By AMY DIAZ
USFSP Student Reporter
ST. PETERSBURG – John Capra had been on his morning patrol shift for just 29 minutes when three chilling words came over his police radio.
“Two officers down.”
It was Jan. 24, 2011, and Capra recalls it as the scariest day of his career.
He had been in the St. Petersburg Police Department for 11 years, but he still did not feel prepared to deal with the sudden, violent deaths of two of his colleagues.
“I had to go right back responding to calls after that,” said Capra, 45. “It was really weird.”
Being a police officer was something Capra fell into.
He was born and raised in St. Petersburg and attended college 30 miles away at the University of South Florida Tampa. He majored in chemistry.
A part-time job working security at Sears led him to the St. Petersburg Police Department in 2000, the same year he married his wife, Bonnie.
They have five children, a German shepherd named Elsa (after the ice princess in Frozen), cats named Cleo and Teddy, and a 50-gallon fish tank.
“My family is very supportive of what I do,” Capra said. “My wife knew what she was getting into.”
While patrolling District 3 from 2 p.m. to midnight on April 7, Capra snacked on peanut butter M&M’s, brainstormed ideas for his son’s surprise party and caught snatches of the Tampa Bay Rays game as the radio played in the background.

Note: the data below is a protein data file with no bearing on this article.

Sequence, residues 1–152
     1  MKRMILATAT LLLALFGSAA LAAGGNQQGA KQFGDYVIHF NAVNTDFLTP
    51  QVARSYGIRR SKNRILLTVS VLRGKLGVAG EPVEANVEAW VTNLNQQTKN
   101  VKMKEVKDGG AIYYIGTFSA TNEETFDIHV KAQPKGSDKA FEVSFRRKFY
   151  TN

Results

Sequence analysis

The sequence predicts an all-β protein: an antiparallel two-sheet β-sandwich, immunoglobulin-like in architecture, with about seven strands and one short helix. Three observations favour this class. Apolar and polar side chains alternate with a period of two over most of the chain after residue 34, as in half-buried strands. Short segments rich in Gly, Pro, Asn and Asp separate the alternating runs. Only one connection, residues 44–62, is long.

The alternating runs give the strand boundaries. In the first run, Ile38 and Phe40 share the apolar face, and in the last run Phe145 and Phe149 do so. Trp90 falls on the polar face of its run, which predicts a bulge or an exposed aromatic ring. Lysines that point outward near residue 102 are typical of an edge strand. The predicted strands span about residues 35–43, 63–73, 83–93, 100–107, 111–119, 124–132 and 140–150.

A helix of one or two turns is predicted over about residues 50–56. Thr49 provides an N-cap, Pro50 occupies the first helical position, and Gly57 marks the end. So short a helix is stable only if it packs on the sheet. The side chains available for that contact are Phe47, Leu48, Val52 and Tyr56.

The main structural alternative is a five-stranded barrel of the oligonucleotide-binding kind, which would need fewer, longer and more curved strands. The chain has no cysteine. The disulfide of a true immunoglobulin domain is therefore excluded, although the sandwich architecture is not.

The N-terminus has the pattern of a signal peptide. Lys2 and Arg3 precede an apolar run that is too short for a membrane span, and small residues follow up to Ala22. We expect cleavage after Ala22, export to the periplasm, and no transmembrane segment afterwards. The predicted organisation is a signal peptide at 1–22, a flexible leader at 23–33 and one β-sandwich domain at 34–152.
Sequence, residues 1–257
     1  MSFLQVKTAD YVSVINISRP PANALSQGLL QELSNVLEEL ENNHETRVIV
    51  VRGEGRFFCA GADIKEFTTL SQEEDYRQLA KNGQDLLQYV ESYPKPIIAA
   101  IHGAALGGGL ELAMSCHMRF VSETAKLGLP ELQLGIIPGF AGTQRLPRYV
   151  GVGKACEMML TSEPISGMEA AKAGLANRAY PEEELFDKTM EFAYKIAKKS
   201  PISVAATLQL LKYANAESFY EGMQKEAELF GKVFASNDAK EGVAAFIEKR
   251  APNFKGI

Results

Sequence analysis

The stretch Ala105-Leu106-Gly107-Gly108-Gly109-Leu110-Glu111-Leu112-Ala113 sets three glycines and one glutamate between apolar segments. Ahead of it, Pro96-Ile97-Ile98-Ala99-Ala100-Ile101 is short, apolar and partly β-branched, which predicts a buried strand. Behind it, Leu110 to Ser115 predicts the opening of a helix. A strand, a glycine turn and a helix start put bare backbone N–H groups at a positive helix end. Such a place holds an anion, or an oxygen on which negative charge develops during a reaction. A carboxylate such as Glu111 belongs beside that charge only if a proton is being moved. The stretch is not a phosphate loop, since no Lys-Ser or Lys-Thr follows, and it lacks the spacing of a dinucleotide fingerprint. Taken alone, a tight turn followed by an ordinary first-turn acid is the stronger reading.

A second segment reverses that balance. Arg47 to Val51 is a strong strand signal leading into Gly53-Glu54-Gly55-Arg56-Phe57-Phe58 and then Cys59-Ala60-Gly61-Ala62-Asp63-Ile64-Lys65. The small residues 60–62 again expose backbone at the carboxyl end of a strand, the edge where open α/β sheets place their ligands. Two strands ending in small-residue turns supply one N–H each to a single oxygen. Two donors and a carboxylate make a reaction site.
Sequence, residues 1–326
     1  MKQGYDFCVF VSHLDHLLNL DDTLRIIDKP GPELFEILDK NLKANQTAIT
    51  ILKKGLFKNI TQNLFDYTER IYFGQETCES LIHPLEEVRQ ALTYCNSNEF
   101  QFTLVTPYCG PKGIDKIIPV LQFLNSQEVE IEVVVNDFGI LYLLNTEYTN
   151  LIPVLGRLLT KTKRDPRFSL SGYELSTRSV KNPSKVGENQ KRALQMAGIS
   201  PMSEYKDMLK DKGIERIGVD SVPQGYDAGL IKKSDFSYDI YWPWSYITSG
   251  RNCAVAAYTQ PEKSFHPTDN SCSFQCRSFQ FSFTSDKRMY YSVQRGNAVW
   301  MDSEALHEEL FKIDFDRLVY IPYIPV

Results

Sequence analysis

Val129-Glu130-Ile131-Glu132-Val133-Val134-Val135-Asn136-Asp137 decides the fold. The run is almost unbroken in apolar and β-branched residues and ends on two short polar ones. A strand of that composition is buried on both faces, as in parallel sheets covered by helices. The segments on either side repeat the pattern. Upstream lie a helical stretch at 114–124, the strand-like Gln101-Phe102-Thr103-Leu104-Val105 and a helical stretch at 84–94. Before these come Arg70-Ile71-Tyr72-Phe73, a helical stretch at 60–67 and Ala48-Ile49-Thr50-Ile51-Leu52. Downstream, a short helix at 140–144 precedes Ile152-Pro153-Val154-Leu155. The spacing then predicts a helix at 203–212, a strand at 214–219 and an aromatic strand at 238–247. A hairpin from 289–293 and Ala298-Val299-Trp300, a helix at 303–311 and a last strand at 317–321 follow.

To this baseball fan’s delight, his police cruiser previously belonged to retired officer Pete Yarbrough, whose nephew pitches for the Rays.
That Sunday shift led him to a yard strewn with angel statues, Halloween masks and empty cans of Fancy Feast cat food; a bank parking lot where six transients were reportedly loitering; an animal hospital where a young man had been bitten by a dog; and the house of one of his “regulars” for a domestic violence call.
As he drove from call to call, Capra smiled and waved to a woman on a walk, a man working on his car and three young kids playing in their yard with toy lightsabers.
“People are usually friendly when they see me,” he said. “They like to feel safe.”
Capra says he doesn’t feel scared most days – just alert.
In almost 19 years as a police officer, he has never fired his weapon. He has seven years until retirement and hopes he’ll never have to.